Lima, June 16, 2022. According to the study “Socio-economic impact of mining on southeastern Peru - Apurímac, Cusco, and Puno,” presented by the Peruvian Institute of Mining Engineers (IIMP) and the Center for Competitiveness and Development (CCD), the execution of new mining projects will allow poverty rates in the analyzed regions to drop by more than 10 percentage points by 2031.
In the case of Apurímac, which concentrates a mining investment portfolio worth over $10.199 billion, poverty reduction will be of up to 16 percentage points, going from 29% (current rate) to 13% in 2031. Puno will also see a significant reduction (with a mining investment portfolio worth $1.555 billion), as poverty rates will go down from 40% to 26% by the same year.
As for Cusco, whose mining investment portfolio is currently worth $2.226 billion, poverty rates will fall 10 percentage points, from 29% to 19%.
“With a portfolio of 14 projects in total, the three regions concentrate a total of $13.980 billion, accounting for 26% of the projects in the Peruvian mining investment portfolio, which is worth $53.168 billion,” said Rudy Laguna, economist and director of CCD, during the first day of the virtual event Rumbo a PERUMIN “Socio-economic impact of mining in the Apurímac- Cusco-Puno corridor from both a historical and a future perspective.”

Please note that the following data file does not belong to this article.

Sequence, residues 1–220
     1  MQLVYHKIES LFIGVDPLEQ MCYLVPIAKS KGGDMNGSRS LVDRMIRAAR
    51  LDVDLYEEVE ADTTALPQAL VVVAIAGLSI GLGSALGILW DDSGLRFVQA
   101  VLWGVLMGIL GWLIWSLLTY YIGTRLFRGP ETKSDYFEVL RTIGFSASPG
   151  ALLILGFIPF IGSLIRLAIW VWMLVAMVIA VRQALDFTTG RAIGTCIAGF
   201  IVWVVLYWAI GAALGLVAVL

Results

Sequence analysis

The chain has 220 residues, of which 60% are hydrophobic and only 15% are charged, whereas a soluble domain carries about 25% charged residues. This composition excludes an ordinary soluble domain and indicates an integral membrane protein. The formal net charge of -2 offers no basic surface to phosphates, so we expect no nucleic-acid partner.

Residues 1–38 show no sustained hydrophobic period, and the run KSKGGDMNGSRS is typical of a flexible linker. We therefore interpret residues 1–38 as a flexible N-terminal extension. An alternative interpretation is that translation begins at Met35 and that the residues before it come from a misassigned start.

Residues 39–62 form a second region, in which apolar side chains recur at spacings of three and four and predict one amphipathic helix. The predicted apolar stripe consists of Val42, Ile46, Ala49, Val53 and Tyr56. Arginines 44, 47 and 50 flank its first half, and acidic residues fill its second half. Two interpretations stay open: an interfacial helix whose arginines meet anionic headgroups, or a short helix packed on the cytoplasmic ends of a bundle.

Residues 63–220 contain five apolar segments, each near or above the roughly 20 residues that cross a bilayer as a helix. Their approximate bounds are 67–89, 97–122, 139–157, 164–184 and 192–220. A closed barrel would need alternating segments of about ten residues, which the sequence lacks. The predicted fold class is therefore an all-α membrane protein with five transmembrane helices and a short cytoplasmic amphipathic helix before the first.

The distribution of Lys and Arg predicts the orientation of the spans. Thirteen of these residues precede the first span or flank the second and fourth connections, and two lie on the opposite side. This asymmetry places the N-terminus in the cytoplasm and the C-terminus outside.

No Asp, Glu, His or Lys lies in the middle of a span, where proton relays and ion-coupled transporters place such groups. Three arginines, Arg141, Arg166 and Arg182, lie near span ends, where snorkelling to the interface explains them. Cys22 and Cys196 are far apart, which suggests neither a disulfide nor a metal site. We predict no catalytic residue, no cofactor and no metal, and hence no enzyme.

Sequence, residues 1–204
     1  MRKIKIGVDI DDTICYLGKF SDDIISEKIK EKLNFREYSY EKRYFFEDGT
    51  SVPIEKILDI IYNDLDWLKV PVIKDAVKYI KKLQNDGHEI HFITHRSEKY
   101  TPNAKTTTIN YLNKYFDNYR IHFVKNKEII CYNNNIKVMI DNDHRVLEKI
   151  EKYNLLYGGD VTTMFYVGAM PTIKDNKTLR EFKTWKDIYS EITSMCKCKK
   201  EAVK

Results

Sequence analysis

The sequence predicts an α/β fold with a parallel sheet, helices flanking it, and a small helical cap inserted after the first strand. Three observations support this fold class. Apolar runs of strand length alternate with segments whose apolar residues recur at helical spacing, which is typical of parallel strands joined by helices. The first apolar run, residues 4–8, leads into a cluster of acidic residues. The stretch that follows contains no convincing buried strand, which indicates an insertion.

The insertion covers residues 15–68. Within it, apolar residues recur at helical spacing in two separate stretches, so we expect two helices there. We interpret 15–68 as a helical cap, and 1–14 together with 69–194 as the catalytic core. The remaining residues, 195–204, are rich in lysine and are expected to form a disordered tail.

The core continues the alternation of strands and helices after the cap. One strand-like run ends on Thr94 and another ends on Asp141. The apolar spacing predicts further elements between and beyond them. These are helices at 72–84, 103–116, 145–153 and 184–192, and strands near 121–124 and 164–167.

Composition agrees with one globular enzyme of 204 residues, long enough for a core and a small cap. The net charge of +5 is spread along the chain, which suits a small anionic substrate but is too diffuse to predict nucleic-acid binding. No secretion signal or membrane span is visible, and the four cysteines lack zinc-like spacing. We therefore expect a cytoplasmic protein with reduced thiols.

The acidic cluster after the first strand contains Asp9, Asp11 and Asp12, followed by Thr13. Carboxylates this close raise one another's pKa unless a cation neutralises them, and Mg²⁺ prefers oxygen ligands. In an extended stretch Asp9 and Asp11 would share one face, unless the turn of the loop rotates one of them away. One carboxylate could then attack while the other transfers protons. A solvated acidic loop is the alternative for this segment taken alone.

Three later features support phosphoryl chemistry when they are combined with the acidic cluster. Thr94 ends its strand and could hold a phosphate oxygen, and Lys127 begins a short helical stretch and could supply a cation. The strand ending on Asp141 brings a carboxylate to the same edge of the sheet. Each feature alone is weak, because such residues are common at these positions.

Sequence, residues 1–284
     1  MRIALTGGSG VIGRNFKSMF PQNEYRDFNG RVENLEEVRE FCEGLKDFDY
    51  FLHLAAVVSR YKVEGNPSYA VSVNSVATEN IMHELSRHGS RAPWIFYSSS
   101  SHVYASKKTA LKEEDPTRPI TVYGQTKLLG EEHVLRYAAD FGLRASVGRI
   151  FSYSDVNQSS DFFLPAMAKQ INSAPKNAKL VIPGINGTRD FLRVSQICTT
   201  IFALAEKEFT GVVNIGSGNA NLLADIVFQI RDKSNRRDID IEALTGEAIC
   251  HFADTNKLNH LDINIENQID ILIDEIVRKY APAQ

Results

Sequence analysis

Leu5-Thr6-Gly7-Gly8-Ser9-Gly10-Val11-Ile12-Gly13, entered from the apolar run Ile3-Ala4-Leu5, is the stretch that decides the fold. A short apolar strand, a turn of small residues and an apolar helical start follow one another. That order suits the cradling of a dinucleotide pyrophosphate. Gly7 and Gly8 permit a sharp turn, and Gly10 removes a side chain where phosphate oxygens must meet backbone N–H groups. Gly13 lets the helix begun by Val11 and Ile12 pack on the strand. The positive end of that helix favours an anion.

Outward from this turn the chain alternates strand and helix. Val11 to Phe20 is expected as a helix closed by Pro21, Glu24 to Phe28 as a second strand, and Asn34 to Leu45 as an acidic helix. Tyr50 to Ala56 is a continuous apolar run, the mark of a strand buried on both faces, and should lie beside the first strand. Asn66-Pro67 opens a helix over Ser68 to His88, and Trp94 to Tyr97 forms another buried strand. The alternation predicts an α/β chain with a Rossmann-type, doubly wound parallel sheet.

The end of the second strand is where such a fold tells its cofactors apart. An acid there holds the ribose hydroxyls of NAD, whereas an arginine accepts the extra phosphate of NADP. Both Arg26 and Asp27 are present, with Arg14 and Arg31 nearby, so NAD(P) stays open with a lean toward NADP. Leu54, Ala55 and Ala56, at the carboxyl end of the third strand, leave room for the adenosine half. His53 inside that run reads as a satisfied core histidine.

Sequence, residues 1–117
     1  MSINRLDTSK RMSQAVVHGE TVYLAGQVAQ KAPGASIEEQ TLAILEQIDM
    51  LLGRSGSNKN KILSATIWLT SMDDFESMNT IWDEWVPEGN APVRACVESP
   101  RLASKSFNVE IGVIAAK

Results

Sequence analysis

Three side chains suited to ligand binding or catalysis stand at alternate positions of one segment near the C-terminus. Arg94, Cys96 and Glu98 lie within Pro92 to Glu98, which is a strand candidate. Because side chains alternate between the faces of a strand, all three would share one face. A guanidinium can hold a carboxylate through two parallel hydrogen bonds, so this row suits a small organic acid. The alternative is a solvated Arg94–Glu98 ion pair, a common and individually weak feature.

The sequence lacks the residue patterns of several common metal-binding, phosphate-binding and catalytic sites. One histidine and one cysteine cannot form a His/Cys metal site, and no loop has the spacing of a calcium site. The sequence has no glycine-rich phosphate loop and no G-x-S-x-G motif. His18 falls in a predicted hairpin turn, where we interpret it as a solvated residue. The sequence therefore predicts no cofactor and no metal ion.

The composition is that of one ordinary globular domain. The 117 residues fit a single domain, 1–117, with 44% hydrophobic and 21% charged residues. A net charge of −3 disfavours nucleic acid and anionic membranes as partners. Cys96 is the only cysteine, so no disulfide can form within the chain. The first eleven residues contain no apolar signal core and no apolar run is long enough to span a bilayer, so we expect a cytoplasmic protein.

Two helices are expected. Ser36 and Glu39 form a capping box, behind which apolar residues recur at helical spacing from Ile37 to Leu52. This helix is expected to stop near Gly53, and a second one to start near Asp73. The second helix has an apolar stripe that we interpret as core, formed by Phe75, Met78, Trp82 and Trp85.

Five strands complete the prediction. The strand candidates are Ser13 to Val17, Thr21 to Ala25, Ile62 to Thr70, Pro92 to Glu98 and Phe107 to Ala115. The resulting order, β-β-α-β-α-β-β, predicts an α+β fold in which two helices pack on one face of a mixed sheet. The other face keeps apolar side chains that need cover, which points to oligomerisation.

The study also states that, by 2031, and thanks to the execution of the projects in the portfolio, there will be 190,000 new jobs in these three regions. Thus, the number of people employed by mining (directly or indirectly) will be over 424,000. “That means that just in Apurímac, Cusco, and Puno, the mining industry will manage to benefit 1.7 million people, including workers and their nuclear families,” added the economist.
The main projects that will boost income and jobs in Apurímac are Hierro Apurímac ($2.9 billion), Los Chancas ($2.6 billion), and Haquira ($1.86 billion). In Cusco, the projects are Quechua ($1.29 billion), Coroccohuayco integration ($590 million), and Achha and Yanque ($346 million). Finally, in Puno there are the Falchani ($587 million) and Corani ($579 million) projects.
It is worth noting that, from June 16 to July 21, six virtual sessions will be held to analyze and discuss the regions of the southern mining corridor, namely: Apurímac, Cusco, Puno, Arequipa, Moquegua, and Tacna so as to identify development opportunities in mining and help maximize the impact of the extractive industry on the population of these regions.